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St. John's Wort: What's Really in the Bottle

by Andrea Klausner, MS, RD  

If you take the herbal supplement St. John’s wort (Hypericum perforatum) for mild to moderate depression, be aware that many products are adulterated. Undeclared extracts from closely related plant species have been detected in numerous analyses over the years—added either intentionally or accidentally—according to the latest Botanical Adulterants Bulletin released by the American Botanical Council and two other nonprofit organizations.

Synthetic dyes, some possibly toxic or illegal, are also regularly found in the supplements, probably mixed in to throw off standard lab tests that are done for labeling purposes. In a 2016 analysis in the Journal of AOAC International, for example, 14 out of 37 samples (38 percent) were suspect.

St. John’s wort may raise levels of mood-enhancing neurotransmitters in the brain, similar to the way certain antidepressants work. But with increased demand in recent decades has come an increase in adulterated products that have chemical profiles significantly different from those of clinically proven extracts. “The co-occurrence of adulteration with dyes and other Hypericum species is an ongoing issue that must be addressed with appropriate quality control protocols,” the Bulletin concluded.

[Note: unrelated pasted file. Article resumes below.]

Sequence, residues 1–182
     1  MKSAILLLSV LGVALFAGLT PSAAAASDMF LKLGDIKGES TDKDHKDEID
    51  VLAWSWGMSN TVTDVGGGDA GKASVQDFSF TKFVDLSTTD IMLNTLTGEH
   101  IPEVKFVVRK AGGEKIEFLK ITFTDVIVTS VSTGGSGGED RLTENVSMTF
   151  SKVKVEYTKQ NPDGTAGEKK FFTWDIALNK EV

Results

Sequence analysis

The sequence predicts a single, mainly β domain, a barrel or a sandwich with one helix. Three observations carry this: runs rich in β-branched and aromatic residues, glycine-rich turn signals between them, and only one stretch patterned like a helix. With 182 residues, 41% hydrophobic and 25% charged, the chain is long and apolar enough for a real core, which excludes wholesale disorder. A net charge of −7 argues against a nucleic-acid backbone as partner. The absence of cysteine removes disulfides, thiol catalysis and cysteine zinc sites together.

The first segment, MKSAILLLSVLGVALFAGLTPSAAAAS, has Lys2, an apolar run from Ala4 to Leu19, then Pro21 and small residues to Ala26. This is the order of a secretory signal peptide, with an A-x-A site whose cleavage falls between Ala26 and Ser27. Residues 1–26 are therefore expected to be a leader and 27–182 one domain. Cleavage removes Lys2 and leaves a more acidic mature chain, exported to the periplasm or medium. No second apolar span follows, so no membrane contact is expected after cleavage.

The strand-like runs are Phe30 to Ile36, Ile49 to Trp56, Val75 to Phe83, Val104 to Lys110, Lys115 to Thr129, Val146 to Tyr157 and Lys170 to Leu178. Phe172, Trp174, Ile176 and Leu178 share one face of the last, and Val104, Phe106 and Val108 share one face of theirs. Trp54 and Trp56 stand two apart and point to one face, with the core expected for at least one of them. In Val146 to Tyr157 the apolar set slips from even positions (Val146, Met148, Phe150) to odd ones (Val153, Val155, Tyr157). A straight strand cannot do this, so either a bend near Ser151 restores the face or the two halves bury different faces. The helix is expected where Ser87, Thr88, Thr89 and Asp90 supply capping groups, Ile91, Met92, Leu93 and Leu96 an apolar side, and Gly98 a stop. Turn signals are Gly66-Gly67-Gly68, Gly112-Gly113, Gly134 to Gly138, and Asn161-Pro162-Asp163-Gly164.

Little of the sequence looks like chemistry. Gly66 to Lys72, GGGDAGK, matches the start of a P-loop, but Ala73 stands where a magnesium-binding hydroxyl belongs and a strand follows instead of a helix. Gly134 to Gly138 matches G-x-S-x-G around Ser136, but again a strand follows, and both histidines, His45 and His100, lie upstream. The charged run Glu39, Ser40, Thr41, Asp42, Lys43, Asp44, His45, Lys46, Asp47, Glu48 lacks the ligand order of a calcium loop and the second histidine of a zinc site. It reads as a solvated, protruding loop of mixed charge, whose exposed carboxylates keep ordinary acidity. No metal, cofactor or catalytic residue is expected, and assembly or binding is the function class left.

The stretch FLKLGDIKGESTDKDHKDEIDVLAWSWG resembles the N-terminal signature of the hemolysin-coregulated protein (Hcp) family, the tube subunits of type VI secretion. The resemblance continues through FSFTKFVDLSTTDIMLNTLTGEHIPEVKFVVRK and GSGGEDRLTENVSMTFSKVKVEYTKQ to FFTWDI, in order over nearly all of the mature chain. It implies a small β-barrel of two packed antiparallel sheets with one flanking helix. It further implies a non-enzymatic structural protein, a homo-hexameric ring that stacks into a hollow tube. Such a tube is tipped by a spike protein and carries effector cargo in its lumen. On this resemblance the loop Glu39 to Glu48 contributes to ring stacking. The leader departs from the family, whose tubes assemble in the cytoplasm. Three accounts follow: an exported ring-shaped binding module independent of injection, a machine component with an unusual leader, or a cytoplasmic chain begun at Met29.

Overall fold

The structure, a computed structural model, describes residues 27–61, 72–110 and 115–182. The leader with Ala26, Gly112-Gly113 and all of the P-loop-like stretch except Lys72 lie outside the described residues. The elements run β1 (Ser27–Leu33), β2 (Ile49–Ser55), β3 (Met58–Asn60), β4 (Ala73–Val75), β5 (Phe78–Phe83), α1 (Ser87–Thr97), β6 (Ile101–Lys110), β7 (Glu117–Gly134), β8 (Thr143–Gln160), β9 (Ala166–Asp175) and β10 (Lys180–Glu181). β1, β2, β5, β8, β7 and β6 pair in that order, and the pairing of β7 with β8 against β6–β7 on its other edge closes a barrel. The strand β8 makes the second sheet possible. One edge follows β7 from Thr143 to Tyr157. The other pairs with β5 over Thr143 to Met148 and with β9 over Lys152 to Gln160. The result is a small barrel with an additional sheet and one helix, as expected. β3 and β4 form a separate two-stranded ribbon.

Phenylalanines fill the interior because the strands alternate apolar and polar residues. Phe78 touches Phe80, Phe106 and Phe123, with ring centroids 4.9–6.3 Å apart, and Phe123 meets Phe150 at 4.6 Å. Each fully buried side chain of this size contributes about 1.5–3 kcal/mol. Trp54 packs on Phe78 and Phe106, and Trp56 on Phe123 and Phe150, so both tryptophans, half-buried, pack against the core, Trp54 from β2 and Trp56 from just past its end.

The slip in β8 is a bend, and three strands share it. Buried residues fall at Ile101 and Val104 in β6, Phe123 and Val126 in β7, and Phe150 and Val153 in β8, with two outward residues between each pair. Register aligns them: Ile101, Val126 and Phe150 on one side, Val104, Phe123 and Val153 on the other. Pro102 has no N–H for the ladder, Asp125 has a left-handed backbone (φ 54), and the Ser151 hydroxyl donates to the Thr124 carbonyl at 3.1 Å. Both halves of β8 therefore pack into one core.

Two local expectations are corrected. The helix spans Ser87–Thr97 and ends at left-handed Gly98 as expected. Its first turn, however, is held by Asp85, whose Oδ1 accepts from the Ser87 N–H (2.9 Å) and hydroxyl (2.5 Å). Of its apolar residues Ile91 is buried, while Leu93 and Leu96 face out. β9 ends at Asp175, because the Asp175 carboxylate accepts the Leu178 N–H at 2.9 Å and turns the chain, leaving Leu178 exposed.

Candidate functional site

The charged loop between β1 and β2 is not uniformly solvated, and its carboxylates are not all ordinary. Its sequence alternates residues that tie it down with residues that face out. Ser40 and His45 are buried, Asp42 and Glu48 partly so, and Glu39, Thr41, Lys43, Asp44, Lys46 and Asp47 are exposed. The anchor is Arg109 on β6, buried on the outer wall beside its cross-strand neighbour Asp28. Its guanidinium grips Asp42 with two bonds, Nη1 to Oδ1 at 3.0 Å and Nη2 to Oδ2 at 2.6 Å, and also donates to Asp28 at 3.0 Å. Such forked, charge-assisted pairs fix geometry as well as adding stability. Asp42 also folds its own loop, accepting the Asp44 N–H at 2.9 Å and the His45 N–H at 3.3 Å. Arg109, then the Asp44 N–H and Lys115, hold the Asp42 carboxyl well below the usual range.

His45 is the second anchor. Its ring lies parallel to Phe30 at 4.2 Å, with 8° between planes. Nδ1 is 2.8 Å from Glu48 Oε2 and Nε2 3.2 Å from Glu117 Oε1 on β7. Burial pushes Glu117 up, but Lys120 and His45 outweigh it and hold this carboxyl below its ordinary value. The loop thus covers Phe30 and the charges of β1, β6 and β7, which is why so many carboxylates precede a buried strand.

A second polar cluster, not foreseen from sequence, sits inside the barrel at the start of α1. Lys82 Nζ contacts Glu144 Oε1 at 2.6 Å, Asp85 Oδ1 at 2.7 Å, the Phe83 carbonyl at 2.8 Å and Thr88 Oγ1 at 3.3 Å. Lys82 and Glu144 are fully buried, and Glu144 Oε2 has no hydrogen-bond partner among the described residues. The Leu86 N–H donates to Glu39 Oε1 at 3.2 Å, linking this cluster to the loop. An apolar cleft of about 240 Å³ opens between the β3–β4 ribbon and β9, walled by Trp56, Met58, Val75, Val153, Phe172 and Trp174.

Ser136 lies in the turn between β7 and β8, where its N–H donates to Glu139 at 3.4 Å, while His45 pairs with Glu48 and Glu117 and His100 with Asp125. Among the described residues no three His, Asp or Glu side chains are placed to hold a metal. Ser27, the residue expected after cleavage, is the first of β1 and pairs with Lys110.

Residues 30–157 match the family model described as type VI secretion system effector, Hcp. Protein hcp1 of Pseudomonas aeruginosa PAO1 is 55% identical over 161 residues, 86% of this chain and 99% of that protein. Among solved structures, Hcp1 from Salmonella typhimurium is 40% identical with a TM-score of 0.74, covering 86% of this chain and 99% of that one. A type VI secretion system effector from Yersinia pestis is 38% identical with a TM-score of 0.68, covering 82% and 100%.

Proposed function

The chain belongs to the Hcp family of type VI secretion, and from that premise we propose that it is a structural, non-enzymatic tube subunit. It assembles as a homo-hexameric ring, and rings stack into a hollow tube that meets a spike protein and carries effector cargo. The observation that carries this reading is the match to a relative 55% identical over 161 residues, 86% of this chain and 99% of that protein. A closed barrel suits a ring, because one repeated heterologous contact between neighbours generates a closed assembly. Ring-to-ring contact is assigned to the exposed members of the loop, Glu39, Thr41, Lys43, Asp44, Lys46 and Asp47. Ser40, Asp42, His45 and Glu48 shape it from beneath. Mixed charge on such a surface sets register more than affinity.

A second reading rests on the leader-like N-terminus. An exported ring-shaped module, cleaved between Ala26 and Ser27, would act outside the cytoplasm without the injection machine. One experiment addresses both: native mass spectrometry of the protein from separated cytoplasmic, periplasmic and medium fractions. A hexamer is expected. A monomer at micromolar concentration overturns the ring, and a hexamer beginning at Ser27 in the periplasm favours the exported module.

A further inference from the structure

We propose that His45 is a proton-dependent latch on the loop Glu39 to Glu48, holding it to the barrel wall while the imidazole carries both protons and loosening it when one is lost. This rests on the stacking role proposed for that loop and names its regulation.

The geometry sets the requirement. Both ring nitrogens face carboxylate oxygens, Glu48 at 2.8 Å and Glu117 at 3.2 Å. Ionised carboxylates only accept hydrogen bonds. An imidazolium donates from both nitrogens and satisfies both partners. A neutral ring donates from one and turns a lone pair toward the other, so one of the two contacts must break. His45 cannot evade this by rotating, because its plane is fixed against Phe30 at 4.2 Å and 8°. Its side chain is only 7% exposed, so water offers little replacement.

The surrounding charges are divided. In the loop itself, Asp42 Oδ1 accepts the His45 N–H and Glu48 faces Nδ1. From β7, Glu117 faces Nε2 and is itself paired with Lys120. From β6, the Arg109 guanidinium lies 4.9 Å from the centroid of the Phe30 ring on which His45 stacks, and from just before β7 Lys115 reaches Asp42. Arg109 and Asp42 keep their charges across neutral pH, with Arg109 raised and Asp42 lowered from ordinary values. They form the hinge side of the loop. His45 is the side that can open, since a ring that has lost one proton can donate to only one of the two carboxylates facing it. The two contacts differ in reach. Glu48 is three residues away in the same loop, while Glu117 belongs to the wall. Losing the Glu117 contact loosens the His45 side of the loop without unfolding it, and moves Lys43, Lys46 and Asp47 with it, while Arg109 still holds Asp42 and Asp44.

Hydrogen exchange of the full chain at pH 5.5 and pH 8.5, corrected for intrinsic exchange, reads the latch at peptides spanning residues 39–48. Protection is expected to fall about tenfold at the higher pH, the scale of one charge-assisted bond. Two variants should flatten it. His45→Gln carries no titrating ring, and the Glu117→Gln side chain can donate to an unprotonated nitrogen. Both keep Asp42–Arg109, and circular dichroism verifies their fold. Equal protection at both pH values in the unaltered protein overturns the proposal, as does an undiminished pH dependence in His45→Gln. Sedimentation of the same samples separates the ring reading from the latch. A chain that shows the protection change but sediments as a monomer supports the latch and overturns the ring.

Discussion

Anyone taking or planning to take St. John’s wort for depression should be under a physician’s care, since other treatment options may be more effective and since the herb can interfere with many medications including statins, warfarin (a blood thinner), digoxin (a heart drug), oral contraceptives, and certain HIV drugs. It also increases sun sensitivity. If you are already taking a prescription antidepressant, don’t switch to St. John’s wort on your own. And don’t combine the two.

Note also that studies do not support the use of St. John’s wort for severe depression, depression of long duration, or bipolar disorder. There is no good evidence that it relieves anxiety, seasonal affective disorder, insomnia, or premenstrual syndrome.

For the best assurance that you are getting what the label says is inside the bottle, look for seals from the nonprofit U.S. Pharmacopeial Convention (USP) or NSF International. The private company also has a certification program and, for a membership fee, you can see the complete lists of products that have passed or did not pass testing. In its latest analysis of 10 St. John’s wort products last September, 60 percent did not meet its quality criteria.

Also see St. John's Wort.